Reuters: Poland’s PGE Ditches Nuclear Power Plans for Offshore Wind

Polish state-owned power producer Polska Grupa Energetyczna (PGE) has withdrawn from bringing the country’s first nuclear power plant to realisation and decided to focus on building offshore wind farms instead, according to Reuters, which cites two sources confirming this. 

PGE deploying EOLOS floating LiDAR. (Image source: PGE Energia Odnawialna)
PGE deploying EOLOS floating LiDAR. (Image source: PGE Energia Odnawialna)

PGE’s leading role in the nuclear power project might be taken over by the also state-owned oil refiner PKN Orlen, Reuters writes, while PGE is said to have opted for its offshore wind projects amid a finance-inflicted need to choose between the two and seeing offshore wind technology as a cheaper way to go.

When it comes to its offshore wind plans, PGE’s renewable energy unit, PGE Energia Odnawialna, marked a more concrete step forward in January, when it started a two-year wind measurement campaign for its planned 1GW offshore wind farm project. The project site is located some 32km from Łeba in the Polish Exclusive Economic Zone of the Baltic Sea.

Offshore wind has not become a part of only PGE’s strategic outlook. PKN Orlen, which now emerged as a possible leader of the nuclear power project, has revealed offshore wind plans of its own. Namely, this March, the Polish oil refiner announced a tender for the development of a preliminary technical concept to determine the options for preparing and implementing offshore wind projects in the Baltic Sea.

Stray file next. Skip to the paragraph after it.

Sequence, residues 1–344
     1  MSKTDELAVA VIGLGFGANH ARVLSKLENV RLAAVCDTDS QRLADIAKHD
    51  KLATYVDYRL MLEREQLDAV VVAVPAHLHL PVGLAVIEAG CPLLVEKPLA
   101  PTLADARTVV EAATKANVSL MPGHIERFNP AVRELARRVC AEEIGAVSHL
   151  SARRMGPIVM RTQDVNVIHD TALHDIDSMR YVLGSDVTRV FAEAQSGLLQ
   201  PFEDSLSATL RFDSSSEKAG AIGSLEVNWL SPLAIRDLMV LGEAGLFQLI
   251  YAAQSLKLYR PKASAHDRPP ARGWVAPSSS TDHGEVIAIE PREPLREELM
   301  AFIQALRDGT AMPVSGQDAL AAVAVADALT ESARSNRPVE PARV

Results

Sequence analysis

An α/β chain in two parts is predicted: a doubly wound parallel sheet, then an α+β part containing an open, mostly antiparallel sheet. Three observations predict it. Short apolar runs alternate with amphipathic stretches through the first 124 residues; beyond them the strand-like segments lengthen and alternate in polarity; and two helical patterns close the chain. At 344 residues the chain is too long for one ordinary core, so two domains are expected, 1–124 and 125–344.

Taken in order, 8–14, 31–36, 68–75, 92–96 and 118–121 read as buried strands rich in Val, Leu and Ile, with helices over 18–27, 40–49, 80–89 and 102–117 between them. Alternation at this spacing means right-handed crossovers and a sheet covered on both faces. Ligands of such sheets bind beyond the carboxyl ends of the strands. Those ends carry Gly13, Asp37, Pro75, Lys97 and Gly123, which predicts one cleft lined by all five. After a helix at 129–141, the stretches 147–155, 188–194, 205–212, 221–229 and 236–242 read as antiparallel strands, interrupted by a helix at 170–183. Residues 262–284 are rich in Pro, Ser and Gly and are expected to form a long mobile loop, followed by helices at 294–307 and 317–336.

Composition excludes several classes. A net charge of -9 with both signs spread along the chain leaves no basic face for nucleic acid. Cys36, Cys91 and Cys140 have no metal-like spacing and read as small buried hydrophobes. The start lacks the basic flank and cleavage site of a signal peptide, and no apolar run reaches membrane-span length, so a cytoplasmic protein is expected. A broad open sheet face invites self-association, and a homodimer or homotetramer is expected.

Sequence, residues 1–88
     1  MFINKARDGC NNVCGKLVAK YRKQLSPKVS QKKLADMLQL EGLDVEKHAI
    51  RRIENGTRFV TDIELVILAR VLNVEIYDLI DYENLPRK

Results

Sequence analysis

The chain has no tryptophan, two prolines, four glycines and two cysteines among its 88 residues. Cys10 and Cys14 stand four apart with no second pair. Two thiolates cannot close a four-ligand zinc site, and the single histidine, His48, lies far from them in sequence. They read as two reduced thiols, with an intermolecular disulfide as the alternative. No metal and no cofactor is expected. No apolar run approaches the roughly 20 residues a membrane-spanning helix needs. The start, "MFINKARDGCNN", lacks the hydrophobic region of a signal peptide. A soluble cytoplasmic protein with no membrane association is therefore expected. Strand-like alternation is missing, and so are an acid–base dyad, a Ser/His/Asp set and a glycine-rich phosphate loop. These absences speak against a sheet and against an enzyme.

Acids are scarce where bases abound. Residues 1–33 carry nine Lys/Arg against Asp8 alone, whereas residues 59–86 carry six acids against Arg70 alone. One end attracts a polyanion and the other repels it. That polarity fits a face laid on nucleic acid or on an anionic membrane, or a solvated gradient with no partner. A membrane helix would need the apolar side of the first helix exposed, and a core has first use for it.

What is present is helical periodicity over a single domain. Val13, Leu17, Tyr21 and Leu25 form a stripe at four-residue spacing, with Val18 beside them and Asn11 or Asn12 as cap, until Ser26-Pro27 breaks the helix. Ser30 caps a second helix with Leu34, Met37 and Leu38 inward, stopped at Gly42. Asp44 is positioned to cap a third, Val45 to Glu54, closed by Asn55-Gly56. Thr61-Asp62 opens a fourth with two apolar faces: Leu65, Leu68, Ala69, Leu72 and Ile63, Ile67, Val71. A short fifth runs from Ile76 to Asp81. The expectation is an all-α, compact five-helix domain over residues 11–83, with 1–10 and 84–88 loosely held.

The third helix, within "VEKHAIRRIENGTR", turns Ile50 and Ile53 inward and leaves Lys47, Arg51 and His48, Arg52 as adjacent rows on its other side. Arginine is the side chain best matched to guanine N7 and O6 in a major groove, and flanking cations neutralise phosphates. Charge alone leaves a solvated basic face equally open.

Aside from the two aforementioned companies, Polenergia is also working on setting up wind turbines off the coast of Poland and its two offshore wind farms, Bałtyk II and Bałtyk III, are the projects that have so far come furthest in their development. Construction works on the 600MW Polenergia Baltic Sea III (Polenergia Bałtyk III) could commence as early as next year.

Earlier this year, the Foundation for Sustainable Energy (FNEZ) issued a report stating that Poland could have 4GW of installed offshore wind capacity in the Baltic Sea by the end of 2030 and 8GW by the end of 2035.

To determine the total offshore wind capacity and status of the projects proposed to be built, Poland’s transmission system operator (TSO) Polskie Sieci Elektroenergetyczne (PSE) recently launched a survey so it could support further phases of planning the grid development. Reportedly, the TSO would consider designing and implementing an offshore transmission system if the survey shows firm interest in investing in a total of at least 8GW of offshore wind projects.

Offshore WIND Staff